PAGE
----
Comparison of Gasoline and Diesel Automobile Fuel Economy as Seen by the Consumer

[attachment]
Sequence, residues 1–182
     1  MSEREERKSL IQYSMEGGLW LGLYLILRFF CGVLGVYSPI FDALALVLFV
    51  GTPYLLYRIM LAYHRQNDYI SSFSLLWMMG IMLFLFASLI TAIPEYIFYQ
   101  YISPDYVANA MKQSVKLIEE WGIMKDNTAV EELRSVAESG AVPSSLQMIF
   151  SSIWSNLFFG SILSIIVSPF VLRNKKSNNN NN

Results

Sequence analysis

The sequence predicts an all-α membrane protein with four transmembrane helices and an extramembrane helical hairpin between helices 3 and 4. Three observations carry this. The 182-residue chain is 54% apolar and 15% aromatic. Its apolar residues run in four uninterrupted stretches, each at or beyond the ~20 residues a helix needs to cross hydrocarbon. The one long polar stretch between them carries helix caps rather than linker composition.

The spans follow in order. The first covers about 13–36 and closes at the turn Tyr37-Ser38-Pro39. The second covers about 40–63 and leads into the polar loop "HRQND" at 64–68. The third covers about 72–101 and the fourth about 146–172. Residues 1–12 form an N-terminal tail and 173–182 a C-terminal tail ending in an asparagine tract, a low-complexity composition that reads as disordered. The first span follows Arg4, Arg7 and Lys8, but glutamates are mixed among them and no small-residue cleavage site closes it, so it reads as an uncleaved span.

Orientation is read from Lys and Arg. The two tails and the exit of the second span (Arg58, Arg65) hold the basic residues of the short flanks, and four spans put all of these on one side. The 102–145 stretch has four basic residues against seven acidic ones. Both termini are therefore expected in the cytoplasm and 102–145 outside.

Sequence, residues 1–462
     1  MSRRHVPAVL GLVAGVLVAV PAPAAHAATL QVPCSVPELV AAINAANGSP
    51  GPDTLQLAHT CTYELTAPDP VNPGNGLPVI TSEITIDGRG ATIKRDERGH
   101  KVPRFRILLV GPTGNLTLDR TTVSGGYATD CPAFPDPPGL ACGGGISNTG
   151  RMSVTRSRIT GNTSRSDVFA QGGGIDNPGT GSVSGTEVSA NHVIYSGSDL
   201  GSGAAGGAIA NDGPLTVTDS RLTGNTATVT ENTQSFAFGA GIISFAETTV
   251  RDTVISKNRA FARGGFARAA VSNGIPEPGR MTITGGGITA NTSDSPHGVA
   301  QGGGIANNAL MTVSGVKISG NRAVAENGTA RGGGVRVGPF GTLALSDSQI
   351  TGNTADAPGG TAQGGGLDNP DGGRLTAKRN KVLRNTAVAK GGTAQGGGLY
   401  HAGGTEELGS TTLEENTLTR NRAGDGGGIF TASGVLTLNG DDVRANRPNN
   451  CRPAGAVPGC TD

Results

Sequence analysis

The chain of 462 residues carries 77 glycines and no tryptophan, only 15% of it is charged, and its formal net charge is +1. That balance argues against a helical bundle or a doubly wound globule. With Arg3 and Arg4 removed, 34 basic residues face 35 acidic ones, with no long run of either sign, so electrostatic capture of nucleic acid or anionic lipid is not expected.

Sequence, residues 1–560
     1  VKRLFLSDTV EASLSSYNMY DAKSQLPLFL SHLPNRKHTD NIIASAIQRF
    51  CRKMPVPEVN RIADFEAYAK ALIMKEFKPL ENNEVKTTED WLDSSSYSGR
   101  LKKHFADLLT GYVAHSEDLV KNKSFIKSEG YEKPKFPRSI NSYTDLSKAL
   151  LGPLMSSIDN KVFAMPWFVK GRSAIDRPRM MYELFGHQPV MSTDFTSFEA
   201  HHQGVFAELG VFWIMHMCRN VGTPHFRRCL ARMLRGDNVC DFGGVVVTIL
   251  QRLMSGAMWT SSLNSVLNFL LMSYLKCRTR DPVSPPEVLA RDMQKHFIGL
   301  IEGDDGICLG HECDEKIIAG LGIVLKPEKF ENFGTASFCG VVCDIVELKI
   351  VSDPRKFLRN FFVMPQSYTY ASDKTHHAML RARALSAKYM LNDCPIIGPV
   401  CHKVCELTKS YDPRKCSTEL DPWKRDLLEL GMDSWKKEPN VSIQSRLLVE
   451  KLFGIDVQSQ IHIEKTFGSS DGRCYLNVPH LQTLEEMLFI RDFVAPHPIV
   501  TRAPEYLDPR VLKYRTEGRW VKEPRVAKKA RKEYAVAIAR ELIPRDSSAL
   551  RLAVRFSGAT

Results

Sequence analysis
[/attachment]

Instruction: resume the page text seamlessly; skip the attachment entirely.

A number of different and perhaps conflicting claims have been made about the fuel-economy benefits of Diesel-fueled automobiles versus their gasoline-fueled counterparts. While a “traditional” figure of a 25 percent fuel-economy gain with Diesels is often used, this figure has varied due to differences in vehicle performance, driving conditions, fuel Btu content, and advances In engine design (particularly in spark-ignition engines). This paper looks at fuel economy, in the broad sense of the term, from the consumer's perspective. The analysis is based on EPA-measured fuel economy in model year 1980, actual on-road fuel economy for 1975-1980 automobiles, and recent fuel price data for gasoline and Diesel fuel. Comparisons of gasoline and Diesel fuel economy that account for these three variables are presented. Also considered is the way that gasoline and Diesel fuel economy comparisons may change in the future with changes in fuel prices, emission standards, and engine design.